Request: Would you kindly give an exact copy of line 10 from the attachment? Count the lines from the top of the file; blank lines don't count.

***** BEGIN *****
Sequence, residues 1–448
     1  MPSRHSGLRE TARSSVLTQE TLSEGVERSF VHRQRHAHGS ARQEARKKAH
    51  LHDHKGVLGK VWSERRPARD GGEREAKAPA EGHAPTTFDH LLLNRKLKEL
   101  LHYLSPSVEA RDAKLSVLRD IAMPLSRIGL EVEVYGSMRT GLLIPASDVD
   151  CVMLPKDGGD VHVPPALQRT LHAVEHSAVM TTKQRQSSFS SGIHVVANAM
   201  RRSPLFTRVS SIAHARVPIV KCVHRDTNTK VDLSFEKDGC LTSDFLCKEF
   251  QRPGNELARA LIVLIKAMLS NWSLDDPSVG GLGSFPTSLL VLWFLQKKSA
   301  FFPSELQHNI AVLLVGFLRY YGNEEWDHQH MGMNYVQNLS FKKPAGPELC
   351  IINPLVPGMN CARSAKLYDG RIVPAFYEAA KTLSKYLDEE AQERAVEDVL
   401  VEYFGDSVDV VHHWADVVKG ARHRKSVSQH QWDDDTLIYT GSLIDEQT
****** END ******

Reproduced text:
   401  VEYFGDSVDV VHHWADVVKG ARHRKSVSQH QWDDDTLIYT GSLIDEQT